The Blackmore & Sparkford Vale secretary and riding expedition leader Rose Cameron on nights under the stars and the (equine) wedding present of dreams
Rose Cameron began hunting with the Essex & Suffolk as a child and is now secretary of the Blackmore & Sparkford Vale in the West Country, from where she runs her travel company Rose Cameron Rides.
There is more than one way to shoot a deer, says top fieldsports photographer Sarah Farnsworth, who has done much to document days in the field. Meet the Sporting Diana.
MEET SPORTING DIANA ROSE CAMERON
My first day’s hunting was with the Essex & Suffolk when I was nine years old and we were living in Colchester with the Army, but it was with the Bedale during the next two seasons that I really caught the bug. By the time we returned home to Gloucestershire I was hooked, so most Saturdays for the next decade were spent hunting with the VWH, where I met many of my friends for life. I remember fondly the family hunting rituals; three children locked in the stables until horses and tack were spotless; the classic “Don’t tell Mum,” when things went wrong and my amazing mother always on call for the A&E run. Favourite hunting companions included Freddie, the perfect hunting pony, and Spot, who was bought by my father after a few whiskies and a cracking day with the Meath. Spot bucked me off within 10 minutes of arriving, then three times in the same week. We were eliminated at every event that had any flags – but hunting was her forte and she was a loyal friend to us all.
Alongside these happy days, I have been lucky to benefit from Dad’s [Major General Sir Evelyn Webb-Carter] pastime of leading riding expeditions in wild and wonderful places in the footsteps of heroes of historical military campaigns. His formula has been simple: find a campaign in beautiful countryside; invite like-minded friends; source good horses; and include plenty of decent food and drink. My first adventure was to South Africa when I was 14 to ride over the battlefields of the Boer War and the Zulu War. I will never forget the evening when we camped beside the Isandlwana mountain, sitting around the campfire and listening to the late David Rattray tell the story of the battle, as if under a spell.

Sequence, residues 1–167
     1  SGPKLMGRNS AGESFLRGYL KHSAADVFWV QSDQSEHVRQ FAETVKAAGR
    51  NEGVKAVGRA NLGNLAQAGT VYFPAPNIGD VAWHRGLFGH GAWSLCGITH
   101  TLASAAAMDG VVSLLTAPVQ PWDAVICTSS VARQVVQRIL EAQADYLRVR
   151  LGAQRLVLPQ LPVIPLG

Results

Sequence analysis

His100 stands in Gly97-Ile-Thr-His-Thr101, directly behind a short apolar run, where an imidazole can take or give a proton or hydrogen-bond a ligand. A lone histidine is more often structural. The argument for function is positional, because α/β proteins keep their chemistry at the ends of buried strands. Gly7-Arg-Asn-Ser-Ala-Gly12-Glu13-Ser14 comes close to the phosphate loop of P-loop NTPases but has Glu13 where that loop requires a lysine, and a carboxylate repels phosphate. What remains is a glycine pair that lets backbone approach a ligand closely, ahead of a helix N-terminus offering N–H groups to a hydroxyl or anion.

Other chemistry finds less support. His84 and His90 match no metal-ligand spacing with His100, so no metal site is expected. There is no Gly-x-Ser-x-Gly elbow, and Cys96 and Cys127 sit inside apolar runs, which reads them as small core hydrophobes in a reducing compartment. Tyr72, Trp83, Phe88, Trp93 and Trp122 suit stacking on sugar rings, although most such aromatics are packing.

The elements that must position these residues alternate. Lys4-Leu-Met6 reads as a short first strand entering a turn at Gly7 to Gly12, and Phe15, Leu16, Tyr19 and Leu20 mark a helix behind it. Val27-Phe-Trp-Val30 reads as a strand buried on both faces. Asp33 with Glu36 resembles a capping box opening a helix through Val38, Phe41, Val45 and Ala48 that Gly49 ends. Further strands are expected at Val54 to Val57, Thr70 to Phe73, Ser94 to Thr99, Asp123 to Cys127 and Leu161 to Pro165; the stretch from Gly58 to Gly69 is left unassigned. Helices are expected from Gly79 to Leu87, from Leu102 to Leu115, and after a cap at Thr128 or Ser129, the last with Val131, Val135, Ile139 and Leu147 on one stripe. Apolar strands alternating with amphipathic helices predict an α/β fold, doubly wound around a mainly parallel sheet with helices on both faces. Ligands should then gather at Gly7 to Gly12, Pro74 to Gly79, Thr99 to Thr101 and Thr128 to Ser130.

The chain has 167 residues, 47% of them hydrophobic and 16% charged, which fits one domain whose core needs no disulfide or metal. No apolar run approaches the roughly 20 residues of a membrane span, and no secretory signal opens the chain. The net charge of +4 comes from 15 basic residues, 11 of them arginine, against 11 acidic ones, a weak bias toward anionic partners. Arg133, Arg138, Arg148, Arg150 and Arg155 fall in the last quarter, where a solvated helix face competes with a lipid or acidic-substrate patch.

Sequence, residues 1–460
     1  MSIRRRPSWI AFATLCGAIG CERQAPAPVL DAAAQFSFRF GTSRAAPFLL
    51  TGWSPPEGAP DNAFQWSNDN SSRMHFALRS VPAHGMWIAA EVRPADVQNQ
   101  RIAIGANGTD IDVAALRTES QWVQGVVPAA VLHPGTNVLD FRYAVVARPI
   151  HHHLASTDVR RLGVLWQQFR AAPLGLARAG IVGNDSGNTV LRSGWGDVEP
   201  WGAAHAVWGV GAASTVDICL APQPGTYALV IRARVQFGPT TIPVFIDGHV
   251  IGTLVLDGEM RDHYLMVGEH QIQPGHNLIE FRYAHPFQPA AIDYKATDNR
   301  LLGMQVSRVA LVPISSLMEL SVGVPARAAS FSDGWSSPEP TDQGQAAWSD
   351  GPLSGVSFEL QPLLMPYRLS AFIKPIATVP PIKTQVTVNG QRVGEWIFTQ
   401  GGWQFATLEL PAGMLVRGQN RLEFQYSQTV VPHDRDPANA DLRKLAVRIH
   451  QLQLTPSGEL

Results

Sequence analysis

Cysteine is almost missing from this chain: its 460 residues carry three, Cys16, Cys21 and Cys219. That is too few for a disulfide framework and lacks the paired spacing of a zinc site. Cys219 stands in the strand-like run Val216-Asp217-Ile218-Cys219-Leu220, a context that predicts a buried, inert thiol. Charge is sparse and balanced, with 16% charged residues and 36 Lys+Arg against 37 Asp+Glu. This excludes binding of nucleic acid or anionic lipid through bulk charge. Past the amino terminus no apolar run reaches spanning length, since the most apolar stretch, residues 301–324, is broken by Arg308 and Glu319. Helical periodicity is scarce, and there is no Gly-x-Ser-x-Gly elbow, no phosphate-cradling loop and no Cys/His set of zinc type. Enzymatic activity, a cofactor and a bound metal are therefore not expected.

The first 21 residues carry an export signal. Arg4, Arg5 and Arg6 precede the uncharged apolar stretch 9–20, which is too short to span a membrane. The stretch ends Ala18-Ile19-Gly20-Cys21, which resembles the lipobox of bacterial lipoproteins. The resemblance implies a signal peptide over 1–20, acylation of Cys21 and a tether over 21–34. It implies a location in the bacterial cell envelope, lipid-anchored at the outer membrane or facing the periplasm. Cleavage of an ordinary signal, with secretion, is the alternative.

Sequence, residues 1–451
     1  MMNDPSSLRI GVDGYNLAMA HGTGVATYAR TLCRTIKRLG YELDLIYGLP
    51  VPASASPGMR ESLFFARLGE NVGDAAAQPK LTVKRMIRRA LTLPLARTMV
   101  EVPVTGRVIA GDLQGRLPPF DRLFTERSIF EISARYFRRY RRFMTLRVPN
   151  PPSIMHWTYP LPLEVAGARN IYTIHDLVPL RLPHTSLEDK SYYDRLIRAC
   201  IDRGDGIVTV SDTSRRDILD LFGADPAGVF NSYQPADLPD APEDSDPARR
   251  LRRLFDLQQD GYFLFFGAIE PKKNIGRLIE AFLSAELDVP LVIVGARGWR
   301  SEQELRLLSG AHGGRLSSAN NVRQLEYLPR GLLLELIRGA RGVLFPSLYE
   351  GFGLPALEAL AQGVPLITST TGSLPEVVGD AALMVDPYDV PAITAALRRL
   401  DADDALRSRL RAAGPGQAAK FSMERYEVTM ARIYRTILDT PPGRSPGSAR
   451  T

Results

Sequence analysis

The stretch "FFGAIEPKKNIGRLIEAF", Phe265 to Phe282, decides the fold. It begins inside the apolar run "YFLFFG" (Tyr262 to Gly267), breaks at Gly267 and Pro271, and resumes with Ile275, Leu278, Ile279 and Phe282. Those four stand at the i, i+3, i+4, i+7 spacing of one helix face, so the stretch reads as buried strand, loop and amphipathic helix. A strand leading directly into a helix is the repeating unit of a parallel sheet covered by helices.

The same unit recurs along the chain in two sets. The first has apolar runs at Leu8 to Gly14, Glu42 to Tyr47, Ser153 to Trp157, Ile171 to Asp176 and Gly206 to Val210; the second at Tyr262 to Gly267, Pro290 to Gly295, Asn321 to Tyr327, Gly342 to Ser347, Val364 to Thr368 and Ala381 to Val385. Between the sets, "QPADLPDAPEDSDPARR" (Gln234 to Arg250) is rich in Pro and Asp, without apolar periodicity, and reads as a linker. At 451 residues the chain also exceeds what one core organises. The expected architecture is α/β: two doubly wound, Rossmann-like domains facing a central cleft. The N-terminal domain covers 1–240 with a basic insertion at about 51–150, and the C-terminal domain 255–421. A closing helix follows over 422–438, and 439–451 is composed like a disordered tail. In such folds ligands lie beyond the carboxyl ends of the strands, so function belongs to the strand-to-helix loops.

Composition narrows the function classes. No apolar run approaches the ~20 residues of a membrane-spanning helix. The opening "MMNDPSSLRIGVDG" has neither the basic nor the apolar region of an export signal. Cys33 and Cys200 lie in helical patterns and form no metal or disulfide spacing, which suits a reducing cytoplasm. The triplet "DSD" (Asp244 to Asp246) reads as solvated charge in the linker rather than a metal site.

There have been many more since. In Ethiopia, we rode mules to retrace the long-forgotten Abyssinia campaign of 1868, when Sir Robert Napier led the British military expedition to the fortress of Magdala to rescue the British consul taken captive by the ‘mad’ Emperor Theodore. In Jordan, we rode Arab horses across the empty desert following the route taken by TE Lawrence to seize the port of Aqaba. In the evenings, we read extracts from Seven Pillars of Wisdom. Everywhere we slept out under magnificent starscapes. In South America, we rode over the Andes following the hoofprints of José de San Martín, one of the great figures of South American independence from Spain. We rode across borders at 14,000ft, got caught in a blizzard and tasted 28 varieties of Malbec. It was on this trip that I met Ewen, my husband – one of the ‘like-minded friends’.
In 2019, I launched my own company, Rose Cameron Rides, with the aim of recreating some of the magic of these rides for others. I do not pretend to be a historian so the history is light. But I love the themes, which add romance and another layer of interest. When Covid struck, plans were off so I took inspiration from closer to home. I realised that all the vital components of a great riding holiday are here and that I could create some really special rides on my own doorstep. I have loved planning these and have been so lucky to find some superb places to stay, with wonderful hosts who have all become friends. Along the Ridgeway, we stay in the elegant Woolley Park and in Dorset, we link up the ancient hillforts and stay at a different place each night, including a beautiful manor house. I can’t wait to return to Jordan in 2022 but I’m also excited to continue these rides along the timeless bridleways of England.
I didn’t hunt much in my twenties because I was either living abroad or in London. When Ewen said to me during our second dinner, “By the way, I’m afraid my hunting is not negotiable,” I said that I thought I could probably cope. I had my first day with the Blackmore & Sparkford Vale seven years ago and I could not believe my luck. Three years later, my once-in-a-lifetime horse, Rebel, arrived as the wedding present of dreams. He is brave and careful in equal measure and has looked after me and provided huge amounts of fun crossing the Vale. I feel incredibly lucky to be trail hunting in a wonderful hunting country, thanks to the support of the farmers and hard work of our Masters. Any day in the best of our country, surrounded by friends, is a red-letter day. Hunting is certainly back in my life. When having to explain to Ewen why I might be hunting twice in a week, the answer is always, “I’m afraid my hunting is not negotiable.”
For details about riding holidays, visit: rosecameronrides.com